12) Children run into great difficulty learning "place-value"-- what the different columns of numbers represent, AND WHY, etc. And many learn it only by rote (they never learn the "why"), which causes problems later in a number of places. I think there is an easy and great way to teach place-value, and to teach about regrouping, borrowing, etc. using poker chips with different colors. (Stacks of poker chips can also teach about fractional relationships; e.g., if you start with a stack of 32 poker chips, half of that stack is 16, half of that is 8, half of that is 4, half of that is 2, and half of that is 1; and you can show them the relationships among the stacks: e.g., 4 is half of the stack with 8 in it, and 1/4 of the stack with 16. Etc., etc.) Plus, when they are first learning to count, and also learning to count by two's, etc., they can count poker chips and stack them into two's, five's, ten's. So I recommend that you buy a pack or two of poker chips (be sure they have stacks of at least three colors -- commonly red ones, white ones, and blue ones), which you can get for a few dollars a pack at some of the discount stores or at some drugstores. And I also recommend your buying two decks of cards, since you can give kids practice in counting and adding and subtracting with them. They can count cards or count the objects on the faces, or add and subtract the face values, in a number of different games they might play, or in a number of different tasks you might ask them to do, that they often will find fun.

13) If children have learned fractions and place-value, decimals will not be all that difficult, with some help and explanation. And once they have learned these things, percentages will be easy as well.

14) Finally, for now, you can lay some groundwork as early as kindergarten or first grade for word problems in general and for algebra later, by asking questions like "If I have a bag, and you have a bag, and we each have the same number of things in our bags, and together we have four things, how many things do we each have?" Let the child figure it out however s/he wants to; don't make there be some particular way to do it. As the child gets older or more sophisticated in arithmetic, you can make the question more sophisticated: "I have a bag and you have a bag, and I have twice as much as you, and together we have nine things in our bags...." or "If we double what you have and then add three, you will have 13...." or even harder: "I have five more than you do in my bag, but if you double what is in your bag, you will have five more than I do...." Surprisingly perhaps, kids can figure these out. Sometimes they do so by trial and error or by lucky guesses; but all of them give them more and more practice with numbers and with relationships between numbers. And they often seem to love doing these things, at least in small doses. And they also like doing "progressions", such as "if numbers start out going 1, 2, 4, 8, what number will be next, and HOW DO YOU KNOW?" You can quickly begin to make the progressions harder and they will still catch on. Or you can make two different progressions in the same problem: what should come after 3, 4, 6, 8, 12? (16) And why? (There are two progressions here: 3, 6, 12, as the first, third, and fifth numbers in the series, and 4, 8, _ as the second, fourth, etc. numbers.)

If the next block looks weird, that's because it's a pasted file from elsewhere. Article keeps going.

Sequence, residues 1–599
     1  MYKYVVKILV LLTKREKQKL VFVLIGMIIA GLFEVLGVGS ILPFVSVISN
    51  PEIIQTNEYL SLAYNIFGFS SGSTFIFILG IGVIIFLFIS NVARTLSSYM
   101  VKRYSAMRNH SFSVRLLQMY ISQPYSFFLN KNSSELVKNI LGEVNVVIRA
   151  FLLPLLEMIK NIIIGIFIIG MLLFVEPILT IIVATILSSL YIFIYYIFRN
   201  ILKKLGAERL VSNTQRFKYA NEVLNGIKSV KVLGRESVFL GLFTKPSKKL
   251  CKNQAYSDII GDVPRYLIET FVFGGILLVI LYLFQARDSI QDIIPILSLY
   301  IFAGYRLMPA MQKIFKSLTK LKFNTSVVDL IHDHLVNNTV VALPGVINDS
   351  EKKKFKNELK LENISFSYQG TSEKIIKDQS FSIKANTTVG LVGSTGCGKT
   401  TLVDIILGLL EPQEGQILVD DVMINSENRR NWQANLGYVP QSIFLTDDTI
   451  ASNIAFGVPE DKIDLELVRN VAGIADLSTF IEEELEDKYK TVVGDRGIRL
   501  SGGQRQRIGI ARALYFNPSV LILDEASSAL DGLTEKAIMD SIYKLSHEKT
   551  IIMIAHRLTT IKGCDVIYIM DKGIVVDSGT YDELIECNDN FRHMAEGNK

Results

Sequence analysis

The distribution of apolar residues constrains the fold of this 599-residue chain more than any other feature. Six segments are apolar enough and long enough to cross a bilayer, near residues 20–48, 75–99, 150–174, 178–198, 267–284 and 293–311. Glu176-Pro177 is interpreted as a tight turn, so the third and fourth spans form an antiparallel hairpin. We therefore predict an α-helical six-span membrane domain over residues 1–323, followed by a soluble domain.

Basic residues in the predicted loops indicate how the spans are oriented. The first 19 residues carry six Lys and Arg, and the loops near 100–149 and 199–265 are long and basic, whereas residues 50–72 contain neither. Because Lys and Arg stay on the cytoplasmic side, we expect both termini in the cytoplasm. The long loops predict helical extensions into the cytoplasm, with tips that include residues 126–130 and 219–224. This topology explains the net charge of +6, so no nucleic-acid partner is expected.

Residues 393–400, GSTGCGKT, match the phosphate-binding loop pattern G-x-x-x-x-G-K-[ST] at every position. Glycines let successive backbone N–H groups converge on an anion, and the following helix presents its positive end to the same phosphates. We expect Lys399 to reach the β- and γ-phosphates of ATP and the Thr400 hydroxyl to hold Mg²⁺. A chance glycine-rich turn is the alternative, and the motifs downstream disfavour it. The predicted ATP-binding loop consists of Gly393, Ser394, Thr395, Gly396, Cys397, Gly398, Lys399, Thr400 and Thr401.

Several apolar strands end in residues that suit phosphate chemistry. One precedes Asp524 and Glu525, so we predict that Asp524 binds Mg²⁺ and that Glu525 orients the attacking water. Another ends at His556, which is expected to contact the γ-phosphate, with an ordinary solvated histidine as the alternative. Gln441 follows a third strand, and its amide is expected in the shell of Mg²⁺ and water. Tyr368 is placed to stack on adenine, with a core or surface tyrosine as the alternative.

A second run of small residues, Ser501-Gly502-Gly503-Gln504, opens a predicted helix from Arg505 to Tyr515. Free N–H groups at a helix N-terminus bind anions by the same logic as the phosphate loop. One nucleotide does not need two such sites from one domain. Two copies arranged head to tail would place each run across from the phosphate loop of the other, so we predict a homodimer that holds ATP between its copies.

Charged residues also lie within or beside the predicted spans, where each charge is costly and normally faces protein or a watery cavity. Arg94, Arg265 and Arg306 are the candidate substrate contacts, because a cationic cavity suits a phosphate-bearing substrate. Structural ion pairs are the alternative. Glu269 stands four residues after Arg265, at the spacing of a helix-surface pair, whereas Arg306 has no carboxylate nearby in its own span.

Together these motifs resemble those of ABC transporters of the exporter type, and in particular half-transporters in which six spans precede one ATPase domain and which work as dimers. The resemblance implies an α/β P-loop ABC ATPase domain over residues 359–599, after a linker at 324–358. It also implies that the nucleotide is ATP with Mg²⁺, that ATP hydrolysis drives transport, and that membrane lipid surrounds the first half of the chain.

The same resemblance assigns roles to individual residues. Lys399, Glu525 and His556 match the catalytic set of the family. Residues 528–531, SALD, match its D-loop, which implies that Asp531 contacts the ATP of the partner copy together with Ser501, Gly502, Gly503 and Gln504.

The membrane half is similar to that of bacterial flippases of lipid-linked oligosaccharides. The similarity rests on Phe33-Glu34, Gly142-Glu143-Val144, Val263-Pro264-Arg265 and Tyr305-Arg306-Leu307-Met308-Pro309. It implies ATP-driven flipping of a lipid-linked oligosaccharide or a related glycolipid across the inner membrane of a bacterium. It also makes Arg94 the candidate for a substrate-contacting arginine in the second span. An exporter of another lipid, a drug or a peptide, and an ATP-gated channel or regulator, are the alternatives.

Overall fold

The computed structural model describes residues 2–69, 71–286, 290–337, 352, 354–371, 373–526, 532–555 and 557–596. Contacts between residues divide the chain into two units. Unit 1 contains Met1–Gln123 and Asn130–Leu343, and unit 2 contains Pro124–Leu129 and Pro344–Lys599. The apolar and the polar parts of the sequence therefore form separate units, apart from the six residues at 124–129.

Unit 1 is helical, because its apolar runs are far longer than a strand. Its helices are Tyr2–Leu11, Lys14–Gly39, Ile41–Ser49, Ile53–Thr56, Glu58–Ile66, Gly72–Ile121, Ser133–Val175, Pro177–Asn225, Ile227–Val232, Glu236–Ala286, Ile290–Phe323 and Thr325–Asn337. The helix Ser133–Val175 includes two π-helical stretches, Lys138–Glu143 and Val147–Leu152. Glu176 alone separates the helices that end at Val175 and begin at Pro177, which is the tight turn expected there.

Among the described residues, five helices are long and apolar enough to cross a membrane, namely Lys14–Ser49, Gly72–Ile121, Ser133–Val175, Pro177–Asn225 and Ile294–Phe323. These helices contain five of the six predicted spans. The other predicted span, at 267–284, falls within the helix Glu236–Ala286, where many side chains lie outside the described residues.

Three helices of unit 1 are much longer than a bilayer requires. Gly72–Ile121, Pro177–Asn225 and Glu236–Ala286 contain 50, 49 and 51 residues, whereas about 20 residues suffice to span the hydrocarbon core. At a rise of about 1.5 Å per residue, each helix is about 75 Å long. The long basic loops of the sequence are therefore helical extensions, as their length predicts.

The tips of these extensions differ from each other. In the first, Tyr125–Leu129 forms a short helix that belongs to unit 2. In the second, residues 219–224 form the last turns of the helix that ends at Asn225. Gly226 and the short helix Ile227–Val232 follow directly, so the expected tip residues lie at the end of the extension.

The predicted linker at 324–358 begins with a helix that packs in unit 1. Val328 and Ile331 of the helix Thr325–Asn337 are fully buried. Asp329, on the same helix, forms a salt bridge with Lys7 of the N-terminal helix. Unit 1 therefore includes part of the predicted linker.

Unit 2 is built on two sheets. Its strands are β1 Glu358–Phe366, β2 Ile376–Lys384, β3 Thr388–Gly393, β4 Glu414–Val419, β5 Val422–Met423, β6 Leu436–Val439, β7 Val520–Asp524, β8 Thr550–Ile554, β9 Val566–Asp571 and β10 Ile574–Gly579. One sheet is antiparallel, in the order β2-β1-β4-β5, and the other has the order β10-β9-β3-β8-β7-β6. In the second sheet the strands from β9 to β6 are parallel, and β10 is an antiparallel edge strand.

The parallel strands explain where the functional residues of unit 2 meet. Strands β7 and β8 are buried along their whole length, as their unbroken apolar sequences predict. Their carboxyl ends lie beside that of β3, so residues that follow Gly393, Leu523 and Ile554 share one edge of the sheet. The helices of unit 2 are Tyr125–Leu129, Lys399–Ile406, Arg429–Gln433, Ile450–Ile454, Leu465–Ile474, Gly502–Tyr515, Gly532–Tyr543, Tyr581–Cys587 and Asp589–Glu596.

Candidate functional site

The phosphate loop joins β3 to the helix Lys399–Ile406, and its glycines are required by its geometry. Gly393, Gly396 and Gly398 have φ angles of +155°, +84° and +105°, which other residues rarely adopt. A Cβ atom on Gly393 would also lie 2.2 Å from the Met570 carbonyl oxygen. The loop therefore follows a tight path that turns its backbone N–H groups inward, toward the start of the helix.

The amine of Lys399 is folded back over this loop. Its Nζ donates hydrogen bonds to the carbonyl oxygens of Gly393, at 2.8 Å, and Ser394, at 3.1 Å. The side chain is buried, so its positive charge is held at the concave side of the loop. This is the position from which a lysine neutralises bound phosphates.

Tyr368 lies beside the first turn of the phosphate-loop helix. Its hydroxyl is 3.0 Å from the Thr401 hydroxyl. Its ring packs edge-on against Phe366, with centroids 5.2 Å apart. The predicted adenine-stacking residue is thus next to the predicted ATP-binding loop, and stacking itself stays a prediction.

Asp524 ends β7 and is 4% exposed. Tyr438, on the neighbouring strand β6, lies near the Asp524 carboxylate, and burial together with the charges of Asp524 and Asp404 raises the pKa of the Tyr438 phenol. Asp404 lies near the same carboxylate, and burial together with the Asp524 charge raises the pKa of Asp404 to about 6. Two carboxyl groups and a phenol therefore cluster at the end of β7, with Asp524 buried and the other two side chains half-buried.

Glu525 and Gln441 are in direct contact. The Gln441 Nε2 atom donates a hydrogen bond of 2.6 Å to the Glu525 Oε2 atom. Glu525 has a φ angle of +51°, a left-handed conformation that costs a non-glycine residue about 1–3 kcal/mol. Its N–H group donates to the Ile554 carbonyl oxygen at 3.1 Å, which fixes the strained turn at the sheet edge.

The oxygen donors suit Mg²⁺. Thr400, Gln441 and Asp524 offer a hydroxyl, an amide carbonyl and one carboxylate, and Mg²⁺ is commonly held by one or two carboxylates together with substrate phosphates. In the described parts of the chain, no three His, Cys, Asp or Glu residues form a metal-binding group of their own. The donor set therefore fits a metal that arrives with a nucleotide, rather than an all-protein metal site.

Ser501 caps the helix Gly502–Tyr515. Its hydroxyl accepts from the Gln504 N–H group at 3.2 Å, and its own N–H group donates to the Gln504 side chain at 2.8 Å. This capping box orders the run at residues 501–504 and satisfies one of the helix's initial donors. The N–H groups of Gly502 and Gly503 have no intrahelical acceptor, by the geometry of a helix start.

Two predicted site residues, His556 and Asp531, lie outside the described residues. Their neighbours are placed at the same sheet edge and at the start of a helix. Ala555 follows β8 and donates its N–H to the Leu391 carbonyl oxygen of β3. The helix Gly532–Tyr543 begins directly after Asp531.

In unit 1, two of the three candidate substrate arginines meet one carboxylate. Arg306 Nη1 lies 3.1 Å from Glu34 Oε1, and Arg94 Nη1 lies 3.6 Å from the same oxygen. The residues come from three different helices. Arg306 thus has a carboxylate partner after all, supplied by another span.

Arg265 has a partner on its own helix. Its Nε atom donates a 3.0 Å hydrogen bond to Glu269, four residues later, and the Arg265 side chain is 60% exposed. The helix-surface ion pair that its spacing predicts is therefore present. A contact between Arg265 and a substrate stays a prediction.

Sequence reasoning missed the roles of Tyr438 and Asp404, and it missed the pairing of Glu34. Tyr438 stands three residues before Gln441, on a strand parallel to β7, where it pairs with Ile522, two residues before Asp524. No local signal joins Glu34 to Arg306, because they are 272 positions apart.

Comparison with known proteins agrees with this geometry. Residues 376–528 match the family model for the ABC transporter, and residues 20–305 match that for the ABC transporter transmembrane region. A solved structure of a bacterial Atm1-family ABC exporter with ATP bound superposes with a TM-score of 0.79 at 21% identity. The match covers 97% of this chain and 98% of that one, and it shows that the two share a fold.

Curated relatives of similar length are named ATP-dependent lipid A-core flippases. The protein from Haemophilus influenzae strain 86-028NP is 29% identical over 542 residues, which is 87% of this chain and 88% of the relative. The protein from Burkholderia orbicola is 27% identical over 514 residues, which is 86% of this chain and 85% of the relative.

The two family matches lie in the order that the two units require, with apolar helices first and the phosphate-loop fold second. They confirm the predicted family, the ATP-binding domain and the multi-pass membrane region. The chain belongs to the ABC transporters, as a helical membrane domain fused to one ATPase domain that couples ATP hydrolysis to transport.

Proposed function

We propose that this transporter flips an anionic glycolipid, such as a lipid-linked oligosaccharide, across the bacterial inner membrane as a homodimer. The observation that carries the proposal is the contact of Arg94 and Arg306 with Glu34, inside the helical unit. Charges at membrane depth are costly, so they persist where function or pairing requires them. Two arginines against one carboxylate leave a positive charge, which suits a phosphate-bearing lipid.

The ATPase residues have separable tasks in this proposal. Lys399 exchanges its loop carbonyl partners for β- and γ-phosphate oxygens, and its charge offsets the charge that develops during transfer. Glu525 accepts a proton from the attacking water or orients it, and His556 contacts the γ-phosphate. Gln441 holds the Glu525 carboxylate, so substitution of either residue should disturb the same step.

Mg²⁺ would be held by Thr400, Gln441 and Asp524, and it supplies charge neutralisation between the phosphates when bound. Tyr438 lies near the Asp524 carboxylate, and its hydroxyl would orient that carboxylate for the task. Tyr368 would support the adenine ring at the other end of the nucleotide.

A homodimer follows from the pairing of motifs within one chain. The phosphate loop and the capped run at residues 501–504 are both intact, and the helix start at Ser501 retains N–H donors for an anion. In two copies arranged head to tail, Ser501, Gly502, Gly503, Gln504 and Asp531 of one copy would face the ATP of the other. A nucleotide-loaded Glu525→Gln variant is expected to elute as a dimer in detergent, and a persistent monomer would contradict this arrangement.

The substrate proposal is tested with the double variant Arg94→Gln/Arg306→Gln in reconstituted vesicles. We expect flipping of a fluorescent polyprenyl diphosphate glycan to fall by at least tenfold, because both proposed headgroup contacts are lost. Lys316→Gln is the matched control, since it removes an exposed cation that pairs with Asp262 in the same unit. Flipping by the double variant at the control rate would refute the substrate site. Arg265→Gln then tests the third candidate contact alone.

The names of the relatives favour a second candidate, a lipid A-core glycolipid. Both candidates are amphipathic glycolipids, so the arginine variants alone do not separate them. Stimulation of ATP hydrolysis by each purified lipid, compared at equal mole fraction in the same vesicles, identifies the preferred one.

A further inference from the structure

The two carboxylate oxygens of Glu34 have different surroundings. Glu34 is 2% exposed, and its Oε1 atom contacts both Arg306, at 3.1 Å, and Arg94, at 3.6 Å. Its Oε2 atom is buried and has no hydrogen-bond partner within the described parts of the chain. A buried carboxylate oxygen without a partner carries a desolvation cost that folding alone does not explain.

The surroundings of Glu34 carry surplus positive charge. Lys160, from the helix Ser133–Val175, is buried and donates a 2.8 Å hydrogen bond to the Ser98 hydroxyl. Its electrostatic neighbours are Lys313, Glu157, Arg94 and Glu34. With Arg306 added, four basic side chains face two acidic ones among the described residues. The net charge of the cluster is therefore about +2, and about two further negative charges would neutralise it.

15) You may have your own areas of math that you find interesting: geometry,
trig, topology, etc. Try to devise games or puzzles using insights from
those areas that your children might find fun to play with and think about.
There are various inexpensive math puzzle, riddle, logic, or "magic" books,
and free Internet sites, available that teach many different aspects of
math in different fun ways. Simple objects can be used to teach math
elements also. Nobel physicist Richard Feynman told, for example,
about how when he was still in his high chair, his father would bring home
color tiles and would line them up in various ways for (and with) him so
that there would be patterns, such as blue-white-blue-white-blue-white,
or color patterns alternating by thirds or some other way. It was something
of just a fun game for the baby, but a game that had a deeper meaning and
point to his father. As long as it stays interesting or fun for the child,
I do not see any harm in it, and it might have much educational developmental
value for later.